Okay, a politician like Harry Reid is a polarizing figure. He makes some people very angry. Fine.

But when anyone — be it Harry Reid or one of his critics across the aisle — faces a random, personal tragedy, the American public can expect media commentators to remove their ideological boxing gloves and give that person a break.


Well, apparently not.

Two days after Reid's wife Landra was sent to the hospital with a broken neck and broken back after a car accident in which their daughter was also hurt, conservative blogger Dan Riehl took the golden opportunity of Reid's grief to say something so morally abhorrent and politically reprehensible.

So, in Riehl's own words:

If Democrats want so badly to abort babies because of (healthcare costs), why are we bothering with someone who has a broken neck and back at 69? It sounds to me like she’s pretty well used up and has probably been living off the taxpayers for plenty of years to begin with. Aren’t we at least going to get a vote on it?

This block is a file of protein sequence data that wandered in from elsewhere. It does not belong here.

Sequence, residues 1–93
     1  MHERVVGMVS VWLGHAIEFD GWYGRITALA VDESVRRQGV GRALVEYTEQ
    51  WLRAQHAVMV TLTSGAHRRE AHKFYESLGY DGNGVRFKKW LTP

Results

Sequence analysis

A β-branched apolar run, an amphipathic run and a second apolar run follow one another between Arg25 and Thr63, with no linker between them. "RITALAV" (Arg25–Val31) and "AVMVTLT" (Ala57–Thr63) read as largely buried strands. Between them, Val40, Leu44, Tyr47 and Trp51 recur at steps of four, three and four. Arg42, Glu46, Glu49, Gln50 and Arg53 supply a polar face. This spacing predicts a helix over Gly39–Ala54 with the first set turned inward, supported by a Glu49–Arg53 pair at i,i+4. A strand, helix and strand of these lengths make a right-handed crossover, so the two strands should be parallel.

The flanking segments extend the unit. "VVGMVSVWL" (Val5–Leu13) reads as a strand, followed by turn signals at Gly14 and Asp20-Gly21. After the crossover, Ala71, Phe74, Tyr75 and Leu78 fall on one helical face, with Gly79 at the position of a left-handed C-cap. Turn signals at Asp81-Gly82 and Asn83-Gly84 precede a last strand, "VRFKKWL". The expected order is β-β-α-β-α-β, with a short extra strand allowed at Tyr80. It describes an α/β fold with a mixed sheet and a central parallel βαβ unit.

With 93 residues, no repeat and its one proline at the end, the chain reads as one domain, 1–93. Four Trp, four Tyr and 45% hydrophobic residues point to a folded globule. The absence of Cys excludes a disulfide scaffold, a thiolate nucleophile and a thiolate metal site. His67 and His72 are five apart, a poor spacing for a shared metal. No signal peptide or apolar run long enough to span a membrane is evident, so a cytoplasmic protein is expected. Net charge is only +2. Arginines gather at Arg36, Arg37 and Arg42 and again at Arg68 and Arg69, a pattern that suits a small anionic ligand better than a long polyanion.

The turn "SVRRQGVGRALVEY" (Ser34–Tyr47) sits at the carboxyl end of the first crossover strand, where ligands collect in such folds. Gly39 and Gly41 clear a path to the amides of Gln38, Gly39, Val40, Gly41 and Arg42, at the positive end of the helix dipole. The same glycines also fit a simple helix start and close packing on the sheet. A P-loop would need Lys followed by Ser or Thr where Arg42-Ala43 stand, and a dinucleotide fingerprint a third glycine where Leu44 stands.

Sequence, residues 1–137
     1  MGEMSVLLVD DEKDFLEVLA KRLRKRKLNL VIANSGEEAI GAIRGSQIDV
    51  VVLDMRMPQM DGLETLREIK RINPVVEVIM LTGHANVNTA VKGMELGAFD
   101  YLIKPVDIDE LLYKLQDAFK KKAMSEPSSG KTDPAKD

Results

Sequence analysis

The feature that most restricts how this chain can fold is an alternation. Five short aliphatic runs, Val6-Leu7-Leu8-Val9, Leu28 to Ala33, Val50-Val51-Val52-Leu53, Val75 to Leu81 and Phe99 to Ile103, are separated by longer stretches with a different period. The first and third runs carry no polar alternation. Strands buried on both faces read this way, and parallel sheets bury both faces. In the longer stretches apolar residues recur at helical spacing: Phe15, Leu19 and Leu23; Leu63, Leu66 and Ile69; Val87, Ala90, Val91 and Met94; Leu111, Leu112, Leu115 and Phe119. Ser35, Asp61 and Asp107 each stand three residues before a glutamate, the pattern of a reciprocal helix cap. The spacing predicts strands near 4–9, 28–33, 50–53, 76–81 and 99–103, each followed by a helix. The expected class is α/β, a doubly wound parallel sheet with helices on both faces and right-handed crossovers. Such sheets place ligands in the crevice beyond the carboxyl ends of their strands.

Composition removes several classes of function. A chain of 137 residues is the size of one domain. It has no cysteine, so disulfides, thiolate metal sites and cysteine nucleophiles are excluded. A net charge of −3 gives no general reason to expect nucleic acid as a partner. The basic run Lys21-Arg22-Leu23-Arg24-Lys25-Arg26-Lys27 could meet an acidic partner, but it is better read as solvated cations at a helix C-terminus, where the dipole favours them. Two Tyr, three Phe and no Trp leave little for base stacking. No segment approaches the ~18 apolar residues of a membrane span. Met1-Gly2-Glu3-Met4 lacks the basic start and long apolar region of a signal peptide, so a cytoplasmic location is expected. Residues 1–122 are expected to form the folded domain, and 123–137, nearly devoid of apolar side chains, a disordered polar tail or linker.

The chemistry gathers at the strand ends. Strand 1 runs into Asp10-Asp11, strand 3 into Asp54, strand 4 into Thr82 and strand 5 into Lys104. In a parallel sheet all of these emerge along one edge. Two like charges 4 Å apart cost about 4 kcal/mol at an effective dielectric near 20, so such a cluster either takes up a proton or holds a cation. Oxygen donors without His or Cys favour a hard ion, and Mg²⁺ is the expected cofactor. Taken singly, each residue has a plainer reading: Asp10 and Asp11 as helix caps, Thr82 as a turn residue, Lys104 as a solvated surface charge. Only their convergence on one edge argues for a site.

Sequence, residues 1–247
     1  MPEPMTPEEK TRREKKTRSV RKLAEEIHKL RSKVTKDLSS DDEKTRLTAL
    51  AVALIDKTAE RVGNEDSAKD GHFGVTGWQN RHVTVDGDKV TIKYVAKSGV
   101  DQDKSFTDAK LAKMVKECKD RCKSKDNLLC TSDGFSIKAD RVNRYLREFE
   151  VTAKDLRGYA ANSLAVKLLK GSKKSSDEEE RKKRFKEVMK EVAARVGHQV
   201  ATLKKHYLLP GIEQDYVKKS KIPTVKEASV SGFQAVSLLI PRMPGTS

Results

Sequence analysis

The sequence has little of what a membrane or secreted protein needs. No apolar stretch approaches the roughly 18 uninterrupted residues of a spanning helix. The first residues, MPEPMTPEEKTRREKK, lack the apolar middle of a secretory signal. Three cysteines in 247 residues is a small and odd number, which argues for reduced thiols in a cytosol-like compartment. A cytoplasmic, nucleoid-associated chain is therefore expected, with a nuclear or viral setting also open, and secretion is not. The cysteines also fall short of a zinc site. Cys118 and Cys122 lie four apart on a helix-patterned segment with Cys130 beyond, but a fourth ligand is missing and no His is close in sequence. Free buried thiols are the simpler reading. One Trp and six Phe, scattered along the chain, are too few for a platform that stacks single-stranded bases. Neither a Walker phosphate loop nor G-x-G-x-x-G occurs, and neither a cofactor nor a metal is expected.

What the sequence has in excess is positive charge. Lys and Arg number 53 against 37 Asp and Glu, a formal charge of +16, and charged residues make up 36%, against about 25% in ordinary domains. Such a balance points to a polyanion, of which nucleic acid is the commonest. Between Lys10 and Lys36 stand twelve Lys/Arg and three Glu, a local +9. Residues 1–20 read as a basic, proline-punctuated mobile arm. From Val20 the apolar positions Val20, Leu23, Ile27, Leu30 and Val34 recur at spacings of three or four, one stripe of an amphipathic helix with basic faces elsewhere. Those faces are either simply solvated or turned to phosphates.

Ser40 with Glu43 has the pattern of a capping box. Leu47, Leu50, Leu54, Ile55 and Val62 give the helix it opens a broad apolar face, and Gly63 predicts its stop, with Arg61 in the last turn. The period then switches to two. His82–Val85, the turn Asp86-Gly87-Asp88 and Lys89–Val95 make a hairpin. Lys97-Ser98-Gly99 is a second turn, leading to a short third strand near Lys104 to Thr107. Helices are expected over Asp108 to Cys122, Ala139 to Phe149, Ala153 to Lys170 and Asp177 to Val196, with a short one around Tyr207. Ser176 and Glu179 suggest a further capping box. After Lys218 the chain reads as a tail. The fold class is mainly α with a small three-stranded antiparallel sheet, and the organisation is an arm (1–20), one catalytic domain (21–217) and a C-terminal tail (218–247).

It's possible that Riehl is trying to allude to the non-existent "death panels" made infamous by Sarah Palin. But if Riehl is attempting irony, it falls seriously flat. Writers across the Web have quickly denounced his statement that Reid "pull the plug" on his wife.

Come on, Harry - do your civic duty. The nation's broke and counting on you guy. Pull the plug and get back to work. And don't bill us for a full day today, either. This is no time to be sloughing off. Air freight her home, you can bury her during recess on your own time and dime. Or are you going to bill us for that, too?

Media Matters quickly linked to the blog and eviscerated Riehl for his statement. Riehl immediately responded with this little gem:

Well, that didn't take long for Media Mutters to link. I wish I knew those babies way back when. I'd have taken a coat hanger to them!

As pointed out by a political blog, it would be great if the mainstream media condemned Riehl and stonewalled him from ever participating in political commentary.

Maybe that will be the same day the national conversation returns to mutual respect and human decency. Until then, Riehl's blog will likely stay in business.